We all start as a clean slate, an empty canvas.
As we move through life, there are things, events, people, memories that shape us into who we are, little things like mom’s warm cookies or dances in the rain.
I was born blank canvas with thin bristled brush to paint my world with all the colors and as many endless swirls as I wished.
Each memory and person were given a stroke.
Memories of Floridian sunrises and backyard games of make-believe tuck my childhood into a cozy, safe, satin edged blanket.
Everything is warm and kind, gentle and light. Everything is simple and pure.
Something between the pure innocence of my youth and my preteen years shifted. Nothing clicked off like a light switch, making everything black. It wasn’t that fast, that clear, that obvious. Something changed over time and I had no idea I was slowly being unraveled. Pieces of who I was were unknowingly left behind my winding trail. I don’t know if I’ll ever find them all.
I first remember it beginning as simply feeling alone. I could be walking the through the overcrowded hallways or in my own home and be feeling utterly monachopis; the subtle but persistent feeling of being out of place because I didn’t belong. I didn’t belong anywhere. Nobody took the time to understand me and I couldn’t understand myself.
I had been struck by exulansis; the tendency to give up trying to talk about an experience because people are unable to relate to it. I convinced myself my problems were irrelevant, invalid, and utterly pathetic compared to others. Silence became my new “hello” and a wandering mind replaced my once attentive one. I couldn’t keep my mind on one thing and I couldn’t find anything to put my mind on, leaving it a hollow, empty space for myself and lingering thoughts of regret, self-doubt, and sorrow. I became numb. Unable to feel whatever came my way. I didn’t know what was worse; drowning in emotions or dying of the thirst.
My skin couldn’t stand the thought of being near another person’s body and my mind was catapulting full-fledged essays on why I should simply leave. Mauerbauertraurikeit; the inexplicable urge to push people away, even close friends you really like was pumping through my veins and all I wanted to do was rip them out. I didn’t want to hurdle myself away from all those I loved and to shove them into something they didn’t deserve but I couldn’t stop it. This disease, this monster, this depression had taken control of me, as if I was a simple carnival ride and it was manning the booth.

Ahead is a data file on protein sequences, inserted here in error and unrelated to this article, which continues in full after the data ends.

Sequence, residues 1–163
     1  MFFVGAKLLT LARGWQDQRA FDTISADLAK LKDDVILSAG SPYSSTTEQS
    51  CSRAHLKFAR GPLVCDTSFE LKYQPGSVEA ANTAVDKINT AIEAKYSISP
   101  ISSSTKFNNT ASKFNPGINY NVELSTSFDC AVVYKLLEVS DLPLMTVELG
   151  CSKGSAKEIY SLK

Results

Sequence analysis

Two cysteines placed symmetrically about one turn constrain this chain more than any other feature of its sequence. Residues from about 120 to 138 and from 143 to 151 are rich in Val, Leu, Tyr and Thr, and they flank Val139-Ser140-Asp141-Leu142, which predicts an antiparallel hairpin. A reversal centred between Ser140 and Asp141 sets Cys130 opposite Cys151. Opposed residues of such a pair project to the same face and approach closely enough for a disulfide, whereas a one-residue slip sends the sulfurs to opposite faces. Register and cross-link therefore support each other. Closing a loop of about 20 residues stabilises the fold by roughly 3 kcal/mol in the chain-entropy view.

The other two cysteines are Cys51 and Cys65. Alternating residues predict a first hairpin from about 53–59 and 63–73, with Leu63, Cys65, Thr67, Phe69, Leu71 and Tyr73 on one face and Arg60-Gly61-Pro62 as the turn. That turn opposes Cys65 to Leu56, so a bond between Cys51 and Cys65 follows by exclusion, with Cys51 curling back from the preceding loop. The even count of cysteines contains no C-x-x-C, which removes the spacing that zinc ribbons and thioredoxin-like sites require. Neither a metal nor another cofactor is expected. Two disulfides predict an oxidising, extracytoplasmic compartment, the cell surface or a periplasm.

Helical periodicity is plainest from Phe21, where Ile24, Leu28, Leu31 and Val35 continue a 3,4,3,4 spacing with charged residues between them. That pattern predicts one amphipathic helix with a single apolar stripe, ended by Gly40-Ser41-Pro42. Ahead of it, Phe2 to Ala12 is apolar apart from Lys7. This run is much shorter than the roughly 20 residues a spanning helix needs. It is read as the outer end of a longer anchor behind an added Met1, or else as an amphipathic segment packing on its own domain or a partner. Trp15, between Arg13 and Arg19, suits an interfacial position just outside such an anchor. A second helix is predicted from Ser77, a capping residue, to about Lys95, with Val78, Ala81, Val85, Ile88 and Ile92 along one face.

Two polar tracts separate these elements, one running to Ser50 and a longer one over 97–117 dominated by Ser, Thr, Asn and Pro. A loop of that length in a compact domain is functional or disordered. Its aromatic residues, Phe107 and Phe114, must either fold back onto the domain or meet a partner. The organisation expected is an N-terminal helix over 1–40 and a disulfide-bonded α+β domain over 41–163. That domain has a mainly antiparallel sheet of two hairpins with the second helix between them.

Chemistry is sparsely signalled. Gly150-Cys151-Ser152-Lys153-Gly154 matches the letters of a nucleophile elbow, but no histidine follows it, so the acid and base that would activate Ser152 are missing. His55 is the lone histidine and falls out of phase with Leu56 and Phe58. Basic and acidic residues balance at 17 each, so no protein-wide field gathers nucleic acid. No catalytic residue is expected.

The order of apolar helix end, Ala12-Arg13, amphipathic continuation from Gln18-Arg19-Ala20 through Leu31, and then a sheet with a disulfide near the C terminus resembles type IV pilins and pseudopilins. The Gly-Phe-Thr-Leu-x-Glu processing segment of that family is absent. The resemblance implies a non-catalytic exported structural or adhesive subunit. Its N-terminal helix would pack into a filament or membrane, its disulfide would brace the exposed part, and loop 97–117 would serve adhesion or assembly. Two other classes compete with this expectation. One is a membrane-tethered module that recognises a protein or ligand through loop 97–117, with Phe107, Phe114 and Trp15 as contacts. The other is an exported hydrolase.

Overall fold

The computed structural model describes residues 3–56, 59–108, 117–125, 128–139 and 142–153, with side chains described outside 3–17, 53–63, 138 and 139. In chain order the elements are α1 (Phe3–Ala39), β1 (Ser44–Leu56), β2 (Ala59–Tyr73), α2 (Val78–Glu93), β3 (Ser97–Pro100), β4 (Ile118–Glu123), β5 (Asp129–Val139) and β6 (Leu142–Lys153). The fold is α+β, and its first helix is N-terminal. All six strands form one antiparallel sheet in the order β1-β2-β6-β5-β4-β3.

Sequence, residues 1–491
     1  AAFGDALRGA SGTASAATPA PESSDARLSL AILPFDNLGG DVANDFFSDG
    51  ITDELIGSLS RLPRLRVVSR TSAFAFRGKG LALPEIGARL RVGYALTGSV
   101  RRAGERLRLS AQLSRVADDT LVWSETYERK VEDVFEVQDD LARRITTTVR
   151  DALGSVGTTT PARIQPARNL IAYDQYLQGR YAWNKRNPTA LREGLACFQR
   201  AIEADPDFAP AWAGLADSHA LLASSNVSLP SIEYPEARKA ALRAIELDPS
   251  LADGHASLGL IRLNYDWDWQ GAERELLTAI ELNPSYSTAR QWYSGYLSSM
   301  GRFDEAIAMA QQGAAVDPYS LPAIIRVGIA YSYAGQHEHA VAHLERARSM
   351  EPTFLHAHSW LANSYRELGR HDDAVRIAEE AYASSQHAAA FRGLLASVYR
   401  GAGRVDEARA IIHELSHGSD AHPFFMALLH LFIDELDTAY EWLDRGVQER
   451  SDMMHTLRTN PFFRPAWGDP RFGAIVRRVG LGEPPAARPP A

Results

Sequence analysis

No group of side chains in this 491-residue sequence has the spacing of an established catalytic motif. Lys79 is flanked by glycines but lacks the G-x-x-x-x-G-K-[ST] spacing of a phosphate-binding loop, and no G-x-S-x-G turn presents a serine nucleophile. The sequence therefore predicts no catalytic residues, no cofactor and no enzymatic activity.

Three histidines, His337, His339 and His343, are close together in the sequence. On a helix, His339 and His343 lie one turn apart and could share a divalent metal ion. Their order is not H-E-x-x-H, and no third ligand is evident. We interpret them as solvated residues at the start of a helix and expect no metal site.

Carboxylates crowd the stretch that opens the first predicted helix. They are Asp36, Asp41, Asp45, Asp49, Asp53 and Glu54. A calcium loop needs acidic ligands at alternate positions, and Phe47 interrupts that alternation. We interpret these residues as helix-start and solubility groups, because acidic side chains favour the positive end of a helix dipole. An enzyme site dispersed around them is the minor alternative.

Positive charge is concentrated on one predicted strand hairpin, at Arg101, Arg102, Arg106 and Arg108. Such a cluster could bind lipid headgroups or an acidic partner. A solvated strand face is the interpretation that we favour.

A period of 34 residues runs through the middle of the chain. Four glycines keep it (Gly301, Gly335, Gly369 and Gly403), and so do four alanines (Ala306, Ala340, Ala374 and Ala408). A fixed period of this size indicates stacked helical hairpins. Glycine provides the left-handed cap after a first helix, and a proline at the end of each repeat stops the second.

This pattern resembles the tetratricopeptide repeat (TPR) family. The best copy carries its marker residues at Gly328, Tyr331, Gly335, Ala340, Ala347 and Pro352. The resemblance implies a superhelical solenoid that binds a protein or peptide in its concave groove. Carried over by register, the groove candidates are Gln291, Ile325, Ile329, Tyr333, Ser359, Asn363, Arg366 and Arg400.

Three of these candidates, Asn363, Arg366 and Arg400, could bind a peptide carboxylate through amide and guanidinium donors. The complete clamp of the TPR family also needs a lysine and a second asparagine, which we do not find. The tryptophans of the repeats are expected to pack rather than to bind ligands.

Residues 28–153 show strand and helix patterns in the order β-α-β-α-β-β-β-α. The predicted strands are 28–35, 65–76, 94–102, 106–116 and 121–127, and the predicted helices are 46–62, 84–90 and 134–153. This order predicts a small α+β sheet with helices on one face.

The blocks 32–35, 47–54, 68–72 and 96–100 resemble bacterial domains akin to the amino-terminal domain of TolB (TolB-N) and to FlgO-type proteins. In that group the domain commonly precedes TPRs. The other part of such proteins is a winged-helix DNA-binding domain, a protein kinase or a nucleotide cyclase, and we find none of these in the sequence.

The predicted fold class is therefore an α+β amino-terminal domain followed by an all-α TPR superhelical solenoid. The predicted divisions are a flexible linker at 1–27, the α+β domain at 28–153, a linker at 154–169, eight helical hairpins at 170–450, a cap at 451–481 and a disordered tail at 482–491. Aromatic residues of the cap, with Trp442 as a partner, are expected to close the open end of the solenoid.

I am still finding the pieces of myself I lost along the trail I’ve been along. I am not sure if I will ever find them all. I may never be whole in the way I was before. but I may be patched up. I may become a healed, broader, better person.
Now, I am overwhelmed by enouement; the bittersweetness of having arrived in the future, seeing how things turn out, but not being able to tell your past self. I want to go and warn myself to be prepared, to watch out for certain people, to remember certain moments. If I could, maybe things would have turned out differently. Maybe I wouldn’t be so broken now. Maybe I could still wake up without regret and walk down the halls and feel at peace.
But maybe I wouldn’t. Maybe I would be ignorant and naïve and oblivious. Maybe I wouldn’t have the same people in my life. Maybe I wouldn’t be who I am now.
I can act like my past has never happened but I will never be able to erase it. I can paint over it and over it all I please but it will always remain there, underneath those layers of false healing. There is no undoing the past or reversing time; only accepting what has happened. I have found time can heal most anything, but healing is not synonymous with undoing. Sometimes, healing can simply mean acceptance and forgiveness.